August 20, 2018
The drama surrounding the Miss America competition has come to yet another head, just weeks before the 2019 competition in Atlantic City.
Reigning Miss America, Cara Mund, of North Dakota, has publicly aired her grievances with the organization, saying the pageant's leadership — notably CEO Regina Hopper and Chairwoman Gretchen Carlson — "reduced me, marginalized me, and essentially erased me in my role as Miss America in subtle and not-so-subtle ways on a daily basis.”
Mund claims Hopper and Carlson punished her for initially speaking out to the Press of Atlantic City and routinely silenced her opinions, excluded her from meetings and media appearances, reminded her that she was dispensable, and prevented her from posting to her social media accounts.
Sunday morning, Carlson, a former Miss America winner, released a defensive statement on Twitter, saying Mund's accusations were unfounded and had already cost the organization thousands of dollars.
"You are at the epicenter of a very historic moment for women," her statement read. "Cara, you have the opportunity to be at the forefront of real, positive change for young women across this country. I'm so hopeful you'll be part of that."
Please see my statement in full below pic.twitter.com/rvmee4es7g— Gretchen Carlson (@GretchenCarlson) August 20, 2018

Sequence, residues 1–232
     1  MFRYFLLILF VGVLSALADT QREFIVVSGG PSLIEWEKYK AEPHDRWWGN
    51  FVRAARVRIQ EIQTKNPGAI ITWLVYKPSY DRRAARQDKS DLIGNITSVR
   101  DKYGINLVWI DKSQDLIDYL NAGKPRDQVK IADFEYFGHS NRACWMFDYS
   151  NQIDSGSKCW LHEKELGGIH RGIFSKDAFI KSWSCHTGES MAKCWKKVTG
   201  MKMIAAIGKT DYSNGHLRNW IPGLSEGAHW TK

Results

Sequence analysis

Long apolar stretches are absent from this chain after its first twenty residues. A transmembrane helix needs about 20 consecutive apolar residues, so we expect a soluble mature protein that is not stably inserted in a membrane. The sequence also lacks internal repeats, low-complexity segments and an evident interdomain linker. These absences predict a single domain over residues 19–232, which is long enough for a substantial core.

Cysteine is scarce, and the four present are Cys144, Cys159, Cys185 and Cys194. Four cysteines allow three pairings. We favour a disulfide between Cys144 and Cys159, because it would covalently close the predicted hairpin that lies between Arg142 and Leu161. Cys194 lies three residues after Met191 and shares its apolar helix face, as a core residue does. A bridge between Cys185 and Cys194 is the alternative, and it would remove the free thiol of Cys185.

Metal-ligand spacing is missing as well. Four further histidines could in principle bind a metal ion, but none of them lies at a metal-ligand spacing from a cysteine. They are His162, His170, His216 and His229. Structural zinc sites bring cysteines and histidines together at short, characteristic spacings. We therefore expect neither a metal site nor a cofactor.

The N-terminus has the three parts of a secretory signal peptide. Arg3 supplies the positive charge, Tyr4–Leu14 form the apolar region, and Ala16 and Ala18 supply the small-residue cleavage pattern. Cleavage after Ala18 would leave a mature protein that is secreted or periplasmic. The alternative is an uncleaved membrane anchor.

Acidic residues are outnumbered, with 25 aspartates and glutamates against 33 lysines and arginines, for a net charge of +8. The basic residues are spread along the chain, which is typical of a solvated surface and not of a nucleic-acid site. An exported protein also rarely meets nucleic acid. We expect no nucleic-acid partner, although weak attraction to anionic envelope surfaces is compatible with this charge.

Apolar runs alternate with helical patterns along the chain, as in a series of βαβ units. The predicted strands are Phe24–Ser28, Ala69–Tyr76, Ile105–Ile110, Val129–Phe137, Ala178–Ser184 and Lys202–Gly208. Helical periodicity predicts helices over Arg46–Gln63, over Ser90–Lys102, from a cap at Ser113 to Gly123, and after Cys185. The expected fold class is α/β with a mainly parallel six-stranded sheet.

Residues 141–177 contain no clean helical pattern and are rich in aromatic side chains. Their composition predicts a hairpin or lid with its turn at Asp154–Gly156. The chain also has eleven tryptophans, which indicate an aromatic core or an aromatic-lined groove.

Now, 11 other former Miss America winners have joined Mund in calling for Carlson and Hopper to resign before the upcoming competition. It joins another letter signed by 22 state pageant directors who say the organization is using "the same old tactics of obfuscation and fear-based governance."
But there's another camp of Miss Americas who signed a letter of support for Carlson and Hopper.
FULL INTERVIEW: "It's never the wrong time to do the right thing."— Good Morning America (@GMA) August 20, 2018
Former Miss America, Caressa Cameron-Jackson one-on-one with @paulafaris as she calls for pageant leaders to resign: https://t.co/0wZJnpowI9 pic.twitter.com/9rKlTwkO4n
This has certainly been an explosive year for the organization.
Last December, HuffPost leaked emails from the organization's leadership, showing the CEO using vulgar language to mock contestants. Carlson and Hopper were brought in to replace them and shortly after eliminated the swimsuit portion of the competition, along with the evening gown segment, which stirred up controversy with board members and pageant officials.
"It's going to be what comes out of their mouth that we're interested in, when they talk about their social impact initiatives," Carlson said on Good Morning America on Monday morning.
JUST IN: "We will no longer judge our candidates on their outward physical appearance. That's huge. And that means we will no longer have a swimsuit competition." - @GretchenCarlson on the major changes coming to @MissAmericaOrg https://t.co/ICRIsRN71h pic.twitter.com/IWKcVvCC50— Good Morning America (@GMA) June 5, 2018
The 2018 pageant will take place Sept. 9 at Boardwalk Hall in Atlantic City following three nights of preliminary competition from Sept. 5-7. You can watch the show at 9 p.m. on ABC.